Today’s New York Law Journal reports a decision of Surrogate Glen in New York County who refused to grant an executor’s  motion for summary judgment to dismiss the objections of the decedent’s mother. In the Estate of Jeffrey A. Katz 0468/2002, the decedent had committed suicide two and one half months after executing a will leaving an estate in excess of one million dollars to his accountant.

The will was duly executed (the decedent was actually an attorney and had drafted his own will), just three days after he had been released on bail after having been jailed for threatening his brother with violence for having obtained a mental hygiene warrant seeking his involuntary hospitalization for violent behavior. Subsequent to the making of the will, the decedent was hospitalized for a period of about two weeks. Two days before the will was executed, his psychiatrist characterized him as "delusional" and suffering from paranoid schizophrenia.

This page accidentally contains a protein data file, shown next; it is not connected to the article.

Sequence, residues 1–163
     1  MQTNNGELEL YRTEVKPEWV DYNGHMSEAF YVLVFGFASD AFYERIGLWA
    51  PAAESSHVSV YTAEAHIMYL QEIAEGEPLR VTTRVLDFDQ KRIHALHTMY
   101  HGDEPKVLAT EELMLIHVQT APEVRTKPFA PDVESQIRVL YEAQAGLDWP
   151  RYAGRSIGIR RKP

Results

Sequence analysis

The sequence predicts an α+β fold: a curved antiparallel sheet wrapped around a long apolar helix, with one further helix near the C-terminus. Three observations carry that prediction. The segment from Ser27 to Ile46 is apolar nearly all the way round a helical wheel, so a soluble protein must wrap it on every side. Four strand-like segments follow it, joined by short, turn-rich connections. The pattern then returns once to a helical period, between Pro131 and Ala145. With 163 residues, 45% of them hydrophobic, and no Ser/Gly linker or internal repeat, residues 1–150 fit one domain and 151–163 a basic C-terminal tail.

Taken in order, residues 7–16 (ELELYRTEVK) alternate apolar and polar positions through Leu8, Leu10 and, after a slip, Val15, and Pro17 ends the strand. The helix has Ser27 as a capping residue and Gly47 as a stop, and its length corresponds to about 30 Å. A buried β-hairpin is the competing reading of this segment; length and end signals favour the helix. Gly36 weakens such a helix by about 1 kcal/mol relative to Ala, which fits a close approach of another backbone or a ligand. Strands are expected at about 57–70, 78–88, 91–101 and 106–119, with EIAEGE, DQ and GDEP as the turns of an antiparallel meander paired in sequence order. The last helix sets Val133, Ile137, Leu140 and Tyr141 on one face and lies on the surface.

In filing her objections, decedent’s mother alleged, among other things, that he was in a compromised state and was relying exclusively on his executor, thereby giving the executor the opportunity to exert undue influence.

The court found that issues of fact existed which could not be decided by a motion for summary judgment. Considering the documented mental state of the decedent and his reliance upon his friend and executor, the court found that it was unable to determine whether or not the will should be admitted to probate without a trial. It was further noted that because Mr. Katz had drafted his own will, he was without the benefit of independent counseling from an attorney. Just to make the fact pattern a little bit more bizarre, even though the will was in proper form and duly executed, it seems that the two witnesses were the present and former girlfriends of the executor and sole beneficiary!